Then we get a placement that pretty much confirms the validity of sunrise charts: Chiron and the Part of Fortune appear in the 3rd house. The 3rd house is the house of writing, and is closely related to Gemini. We get a double blast of Gemini energy coming through that Chiron.

Chiron has an obsessive and innovative quality, dedicated to healing and most of all, to being a maverick. The Pars Fortuna right there says "success through writing." Also, think of the Part of Fortune as another ascendant (its original purpose) relating specifically to the topic at hand. In the "fortune" chart for Jonathan's column, the main archetype is Chiron in Gemini.

Chiron is opposite Saturn, as it is these days -- a rare enough event to be noteworthy in any chart. The opposition of Chiron in Gemini to Saturn in Sagittarius can be looked at as a meeting of innovation and an iconoclastic view of writing, matched by a rock-solid foundation in tradition (Saturn in Sagittarius). Given Jonathan's writing style, few would guess that he was classically trained. Yet many of his interpretations challenge the traditions of astrology while in a sense remaining true to them.

Pisces appears powerfully, in the form of the Sun, Jupiter, and Venus -- more than a footnote, for sure. The column is itself a Pisces: naturally mystical with a touch of self-sacrificing energy, taking a wide perspective, and presented in a way that relates to people on the level of their feelings. He seems to know empathically how people feel and how they relate to their problems. But the Sagittarian energy dominates, as the prevailing message of Jonathan's writing is, to me, "Don't get caught in your problems. You may not be all-powerful, but you do have influence in your life, so you might as well make the very most of it."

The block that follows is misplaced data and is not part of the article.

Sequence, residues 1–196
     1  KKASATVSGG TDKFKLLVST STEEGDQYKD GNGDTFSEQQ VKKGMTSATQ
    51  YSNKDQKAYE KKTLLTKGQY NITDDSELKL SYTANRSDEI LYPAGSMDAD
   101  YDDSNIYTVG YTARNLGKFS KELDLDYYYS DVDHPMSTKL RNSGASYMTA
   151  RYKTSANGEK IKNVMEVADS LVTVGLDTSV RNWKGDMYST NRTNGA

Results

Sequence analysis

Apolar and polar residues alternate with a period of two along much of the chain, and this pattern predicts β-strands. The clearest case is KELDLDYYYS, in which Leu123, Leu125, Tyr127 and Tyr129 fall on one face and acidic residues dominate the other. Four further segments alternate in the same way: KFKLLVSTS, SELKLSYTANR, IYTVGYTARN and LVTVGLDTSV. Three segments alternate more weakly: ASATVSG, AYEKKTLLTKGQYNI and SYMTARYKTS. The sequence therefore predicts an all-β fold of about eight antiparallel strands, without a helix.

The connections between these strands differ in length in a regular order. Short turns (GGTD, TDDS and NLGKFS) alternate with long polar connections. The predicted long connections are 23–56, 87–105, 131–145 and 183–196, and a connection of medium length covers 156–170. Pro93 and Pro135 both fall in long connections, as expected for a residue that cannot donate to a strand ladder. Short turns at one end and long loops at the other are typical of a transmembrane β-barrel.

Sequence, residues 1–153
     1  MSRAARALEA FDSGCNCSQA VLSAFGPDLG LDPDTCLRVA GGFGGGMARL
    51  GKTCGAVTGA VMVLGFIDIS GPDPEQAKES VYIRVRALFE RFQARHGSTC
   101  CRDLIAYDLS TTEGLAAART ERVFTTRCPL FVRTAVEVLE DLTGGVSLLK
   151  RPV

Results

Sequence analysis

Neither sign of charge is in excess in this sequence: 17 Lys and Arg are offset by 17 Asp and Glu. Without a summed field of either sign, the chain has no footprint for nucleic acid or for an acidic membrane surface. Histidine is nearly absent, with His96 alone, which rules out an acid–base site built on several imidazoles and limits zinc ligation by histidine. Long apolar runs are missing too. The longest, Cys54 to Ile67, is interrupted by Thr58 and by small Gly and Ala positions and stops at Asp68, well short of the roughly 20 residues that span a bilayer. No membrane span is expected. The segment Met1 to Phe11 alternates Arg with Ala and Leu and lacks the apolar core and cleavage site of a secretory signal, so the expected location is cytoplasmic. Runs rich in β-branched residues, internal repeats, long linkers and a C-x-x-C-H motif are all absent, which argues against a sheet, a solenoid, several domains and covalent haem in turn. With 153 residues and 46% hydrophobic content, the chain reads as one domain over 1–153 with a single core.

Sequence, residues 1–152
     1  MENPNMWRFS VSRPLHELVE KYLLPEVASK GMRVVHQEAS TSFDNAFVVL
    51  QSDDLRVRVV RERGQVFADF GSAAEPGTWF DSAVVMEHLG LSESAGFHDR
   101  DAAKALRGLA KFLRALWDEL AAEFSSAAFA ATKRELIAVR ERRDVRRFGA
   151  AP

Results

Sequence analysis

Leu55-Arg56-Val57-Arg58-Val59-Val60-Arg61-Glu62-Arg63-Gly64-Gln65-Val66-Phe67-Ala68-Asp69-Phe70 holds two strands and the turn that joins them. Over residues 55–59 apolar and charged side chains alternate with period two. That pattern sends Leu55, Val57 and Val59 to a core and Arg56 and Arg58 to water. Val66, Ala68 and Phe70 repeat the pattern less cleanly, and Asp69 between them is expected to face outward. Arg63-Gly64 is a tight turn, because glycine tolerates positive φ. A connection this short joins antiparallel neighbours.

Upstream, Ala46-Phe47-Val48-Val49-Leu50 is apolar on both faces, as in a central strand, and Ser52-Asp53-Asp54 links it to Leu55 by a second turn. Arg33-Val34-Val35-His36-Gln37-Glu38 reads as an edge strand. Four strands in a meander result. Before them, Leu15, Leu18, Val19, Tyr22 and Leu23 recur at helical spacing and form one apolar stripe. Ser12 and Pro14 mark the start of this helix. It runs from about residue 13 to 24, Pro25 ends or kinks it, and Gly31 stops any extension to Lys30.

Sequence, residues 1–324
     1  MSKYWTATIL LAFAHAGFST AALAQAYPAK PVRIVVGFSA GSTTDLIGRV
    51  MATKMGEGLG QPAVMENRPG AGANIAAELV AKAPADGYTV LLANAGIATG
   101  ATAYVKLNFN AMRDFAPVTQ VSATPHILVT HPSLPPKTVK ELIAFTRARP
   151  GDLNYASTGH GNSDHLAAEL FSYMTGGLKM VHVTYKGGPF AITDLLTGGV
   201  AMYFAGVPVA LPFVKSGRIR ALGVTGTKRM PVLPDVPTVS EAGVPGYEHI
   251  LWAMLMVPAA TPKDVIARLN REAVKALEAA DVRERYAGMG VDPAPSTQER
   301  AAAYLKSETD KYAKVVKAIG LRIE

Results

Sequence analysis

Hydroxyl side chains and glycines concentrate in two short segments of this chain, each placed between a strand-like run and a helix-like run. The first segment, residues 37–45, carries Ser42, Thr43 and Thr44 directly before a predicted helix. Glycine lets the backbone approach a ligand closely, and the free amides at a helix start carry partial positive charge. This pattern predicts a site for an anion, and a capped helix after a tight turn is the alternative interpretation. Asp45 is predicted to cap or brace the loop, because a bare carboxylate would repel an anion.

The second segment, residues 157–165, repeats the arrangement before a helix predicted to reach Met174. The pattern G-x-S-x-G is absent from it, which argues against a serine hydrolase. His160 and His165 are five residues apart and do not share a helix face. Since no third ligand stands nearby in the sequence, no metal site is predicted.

But to me, the most entertaining appearance of all in this chart is Mercury glowing on the Aries Point, which is neither widely accepted nor understood by astrology. We have discussed this point numerous times in Astrology Secrets Revealed, and have come to think of it here as a spot in the chart that says, "The personal is political." It is the intersection of personal responsibility and collective movement; of individuality and of influencing many people.